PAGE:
I honestly love being able to keep up with seeing what's going on at home through Facebook. While the site sometimes has its downsides, for me living overseas it makes it feel like I don't live quite so far away. Something I've been noticing a lot lately on my news feed are the pictures of people's kids or teens having fun at summer camps and youth retreats. I chuckle because while I feel very disconnected from that world and barely even register that it's actually summertime in America, I also just got to spend a week at “summer camp” myself here in Burkina. And not only that, but I got to do it alongside some wonderful ladies from my home church in Ohio!
|The sign welcoming our group to the first day of camp at Dorcas House|
My two worlds have collided in Burkina Faso twice before, where groups from my hometown of Lima, Ohio, were able to spend time in my current home of Ouagadougou, Burkina Faso. First my family came to visit this last December, and then a team of men from my home church, Shawnee Alliance, came in January to drill wells. Both of those experiences were very special for me, and this past week, I got to add a third experience to that list, as Shawnee Alliance sent a team of ladies to Ouagadougou to put on a special camp at a young women's center here called Dorcas House.
|The team from Shawnee Alliance along with several of us from Envision and two from Nyack|
Dorcas House is a life-changing two-year program for girls that was started in 2008 by a partnership between former Burkina missionary Amy Nehlsen and some ladies of the local church. Most of girls in the Dorcas House program are in their late teens or early twenties and are at risk because of poverty, lack of formal education, or other hard circumstances in their lives. The thirty girls live at the center, and this program then trains them in sewing, agriculture, literacy, and biblical understanding. Each time I visit the girls at Dorcas House, I'm blown away by their knowledge of the Bible, their sweet servant hearts, and their enthusiasm for both work and play.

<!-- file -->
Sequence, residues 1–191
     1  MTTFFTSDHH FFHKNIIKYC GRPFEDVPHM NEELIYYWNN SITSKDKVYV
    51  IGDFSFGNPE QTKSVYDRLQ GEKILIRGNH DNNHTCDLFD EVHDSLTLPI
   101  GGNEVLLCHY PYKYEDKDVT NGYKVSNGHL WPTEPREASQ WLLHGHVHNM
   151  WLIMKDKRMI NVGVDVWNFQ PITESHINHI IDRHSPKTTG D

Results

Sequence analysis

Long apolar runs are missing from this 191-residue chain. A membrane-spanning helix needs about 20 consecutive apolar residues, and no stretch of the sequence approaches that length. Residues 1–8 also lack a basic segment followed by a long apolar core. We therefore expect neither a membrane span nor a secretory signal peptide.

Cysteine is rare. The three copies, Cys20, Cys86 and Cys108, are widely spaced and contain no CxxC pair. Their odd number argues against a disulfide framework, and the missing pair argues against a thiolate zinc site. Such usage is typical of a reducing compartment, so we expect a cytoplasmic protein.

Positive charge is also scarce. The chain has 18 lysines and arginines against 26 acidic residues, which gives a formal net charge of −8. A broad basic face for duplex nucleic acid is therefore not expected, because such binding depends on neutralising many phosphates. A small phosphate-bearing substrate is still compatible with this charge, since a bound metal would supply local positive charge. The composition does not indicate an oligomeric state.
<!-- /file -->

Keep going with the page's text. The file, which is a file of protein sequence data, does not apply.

|One of the Dorcas House teachers displaying the freshly-ground peanut butter made right there at the center |
(notice also the grinder at work in the background)
It was a beautiful week, and I enjoyed each day of getting to hang out, build friendships, and grow in Jesus with both the American and the Burkinabé girls. Despite the language barrier that the team had to overcome, meaningful relationships were formed. That sisterly bonding that happens between women is something to treasure when there's no one-upping each other or seeking special recognition but instead it is about bettering one another and genuinely enjoying each other's company. My heart is so full right now from the privilege that I had during those ten days to have spent so much time serving and laughing and sharing and worshipping alongside these forty-or-so ladies.
|One of the many times of everyone worshipping God together through dancing, |
which is very much a part of Burkinabé culture
Just to give you a little better idea of what our time at camp looked like, I want to mention what the daily schedule included. For each of the five days of the camp that the Shawnee team had organized, we would have breakfast at 7, a personal devotion/team meeting time at 8, morning session with the Dorcas House girls at 9 (which included singing, dancing, and a Bible lesson taught by a team member), small group time around 11 (which was for memorizing the daily Bible verse going with the lesson, eating snacks, and doing team-building activities), crafts around 12, lunch at 1, rest time after that, a health lesson at 3, game time about 4 (everything from water balloons to frisbee to volleyball), dinner around 7, and snacks and testimonies around the campfire to end each night.
|A few of the Dorcas House girls enjoying frisbee for their first time|
|The girls displaying the bags they made during craft time on the first day of camp|
Each day was a very full day with so many fun things for the Dorcas House girls, much like the experience that many American kids are currently getting when they go off to Christian summer camps or youth retreats, but our time with them was ultimately all about Jesus and it seemed like the lessons they were taught were truths they'll hang onto. In fact, the most exciting thing of the week was that seven girls prayed to give their lives to Christ for the first time, and twelve girls are planning to be baptized this month!
|Jess and me with the pink group—our small group for the week|
I was so blessed to get to be a small part of leading this Dorcas House camp. God worked in big ways, and I pray that this experience will continue to be a spark for growth in the lives of everyone involved, including the other American leaders and me. What a privilege it was to get to “go to camp” this summer and to have made these wonderful memories as Ben and I now are (with very mixed emotions) getting ready to leave Burkina Faso in just sixteen days.